(courtesy Jerry Beck)
Here they did high quality work in the decade before photography took over the advertising world and their work on a campaign for Popsicles got the attention of Topps President Joseph Shorin around 1950-51. After doing some work for Topps, Shorin allegedly told the two that unless they came to work for him, he would give all his work to another agency.
I think Woody came into the fold first; he worked with Sy Berger (at Sy's apartment) in late 1951 on the iconic 1952 Topps set, which was critical to the firm's future and I have seen references he was working in their offices by 1953. Ben however, is harder to trace and may not have been full time at Topps until the early 1960's. It's also possible Solomon & Gelman was brought in house and allowed to retain some autonomy so long as their work did not interfere with their jobs at Topps.
The firm may have been active as late as 1965 but one thing is certain, the produced a series of fifteen cent soft covers for "young adults" called Triple Nickel Books in 1955, a line that was active for three or four years. It would appear their timing was excellent as the first two Triple Nickels featured Davy Crockett. Here is the cover of the second one:
That approved reading logo is a bit frightening and likely was due to the imposition of the Comics Code Authority in 1954-55; many publishers would have to adapt due to the changes occurring in what could be sold to America's youth following a series of Congressional hearings. The CCC gave us Mad Magazine but in reality was just a bunch of hooey that disrupted many livelihoods.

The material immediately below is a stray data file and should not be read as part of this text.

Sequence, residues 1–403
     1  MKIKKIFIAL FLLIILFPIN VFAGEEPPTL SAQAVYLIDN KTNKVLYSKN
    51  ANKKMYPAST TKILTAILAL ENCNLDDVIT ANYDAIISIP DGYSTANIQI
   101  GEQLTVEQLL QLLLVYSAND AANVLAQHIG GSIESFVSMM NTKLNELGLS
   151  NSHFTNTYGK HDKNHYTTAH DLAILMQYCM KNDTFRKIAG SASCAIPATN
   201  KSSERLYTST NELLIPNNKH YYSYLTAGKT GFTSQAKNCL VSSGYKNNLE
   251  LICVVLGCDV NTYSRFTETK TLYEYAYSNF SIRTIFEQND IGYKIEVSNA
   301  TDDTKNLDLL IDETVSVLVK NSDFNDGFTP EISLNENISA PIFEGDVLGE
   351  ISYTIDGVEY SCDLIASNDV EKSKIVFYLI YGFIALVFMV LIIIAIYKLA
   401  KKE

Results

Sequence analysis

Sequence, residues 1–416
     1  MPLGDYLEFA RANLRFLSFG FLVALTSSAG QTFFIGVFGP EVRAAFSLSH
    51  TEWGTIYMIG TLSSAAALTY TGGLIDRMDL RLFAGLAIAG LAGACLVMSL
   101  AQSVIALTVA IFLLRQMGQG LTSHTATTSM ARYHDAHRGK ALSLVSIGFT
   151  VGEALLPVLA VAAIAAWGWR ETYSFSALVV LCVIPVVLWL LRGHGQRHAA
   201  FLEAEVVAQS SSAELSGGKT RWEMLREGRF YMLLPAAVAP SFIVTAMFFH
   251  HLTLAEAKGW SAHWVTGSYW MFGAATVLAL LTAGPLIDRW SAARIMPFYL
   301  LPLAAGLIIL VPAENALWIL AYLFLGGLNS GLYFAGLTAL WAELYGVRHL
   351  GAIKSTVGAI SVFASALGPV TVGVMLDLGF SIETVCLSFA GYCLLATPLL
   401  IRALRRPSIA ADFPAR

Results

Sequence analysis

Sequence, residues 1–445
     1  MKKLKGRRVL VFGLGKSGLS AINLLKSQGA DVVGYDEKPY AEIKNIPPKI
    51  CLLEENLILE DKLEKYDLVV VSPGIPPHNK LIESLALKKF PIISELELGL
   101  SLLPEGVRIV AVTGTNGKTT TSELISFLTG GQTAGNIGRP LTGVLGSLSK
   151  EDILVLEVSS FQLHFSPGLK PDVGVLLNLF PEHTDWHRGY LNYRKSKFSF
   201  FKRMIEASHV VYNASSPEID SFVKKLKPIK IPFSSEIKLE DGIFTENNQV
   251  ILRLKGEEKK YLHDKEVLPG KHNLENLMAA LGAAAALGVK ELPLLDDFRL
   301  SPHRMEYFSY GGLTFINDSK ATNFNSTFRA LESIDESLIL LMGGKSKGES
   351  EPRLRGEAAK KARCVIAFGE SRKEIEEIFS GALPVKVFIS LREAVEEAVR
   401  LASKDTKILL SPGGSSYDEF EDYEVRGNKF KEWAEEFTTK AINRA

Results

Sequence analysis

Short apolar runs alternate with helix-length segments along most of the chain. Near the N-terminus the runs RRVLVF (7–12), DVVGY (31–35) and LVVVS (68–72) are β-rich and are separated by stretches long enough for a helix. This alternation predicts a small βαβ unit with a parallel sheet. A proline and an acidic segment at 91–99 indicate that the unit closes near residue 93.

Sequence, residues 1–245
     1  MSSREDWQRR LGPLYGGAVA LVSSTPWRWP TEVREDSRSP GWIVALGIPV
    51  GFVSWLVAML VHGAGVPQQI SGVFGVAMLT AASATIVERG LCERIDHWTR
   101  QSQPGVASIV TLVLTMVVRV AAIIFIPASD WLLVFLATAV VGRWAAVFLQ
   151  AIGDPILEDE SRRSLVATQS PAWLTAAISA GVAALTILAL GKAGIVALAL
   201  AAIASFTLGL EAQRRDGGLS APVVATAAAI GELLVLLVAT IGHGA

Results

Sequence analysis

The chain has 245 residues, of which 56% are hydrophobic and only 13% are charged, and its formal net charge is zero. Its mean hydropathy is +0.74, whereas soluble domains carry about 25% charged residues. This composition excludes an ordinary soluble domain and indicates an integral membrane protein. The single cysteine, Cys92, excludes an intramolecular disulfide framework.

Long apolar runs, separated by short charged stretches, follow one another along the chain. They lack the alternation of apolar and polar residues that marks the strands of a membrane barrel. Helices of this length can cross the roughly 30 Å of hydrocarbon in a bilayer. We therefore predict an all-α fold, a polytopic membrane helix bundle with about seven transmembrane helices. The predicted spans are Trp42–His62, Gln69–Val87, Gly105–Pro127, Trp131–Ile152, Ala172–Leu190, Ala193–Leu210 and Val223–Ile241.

Here is what it looked like inside, typical 50's sub-teen fare really:
The inside front cover is where we get the publishing details, which I will blow up for easy reading:
We also get a bonus as the the artist's name is shown below the Davy Crockett illo: Mort Leav. I am thinking, looking at that b&w Davy Crockett illustration and comparing it to the cover painting, which it looks like he did as well, that Leav or someone else at S&G, did some work for Topps in the 1950's. Look at this Round-Up card compared to the next Triple Nickel Book cover of Wild Bill Hickok:
Nat Wilson may have been a pen name for Ben & Woody; I'm not 100% sure of that but another author in the series, Arthur Benwood, has a name that is clearly derived from an amalgram of Ben and Woody's first names.
Here are some other exciting books in the series, from an ad on the inside back cover:
And what 50's moralizing would be complete without a panel of experts giving approval:
Topps would issue two fan magazines in 1965 that took some inspiration from Triple Nickel Books but I think the series ended in 1957. Ben & Woody however, had greater days ahead at Topps.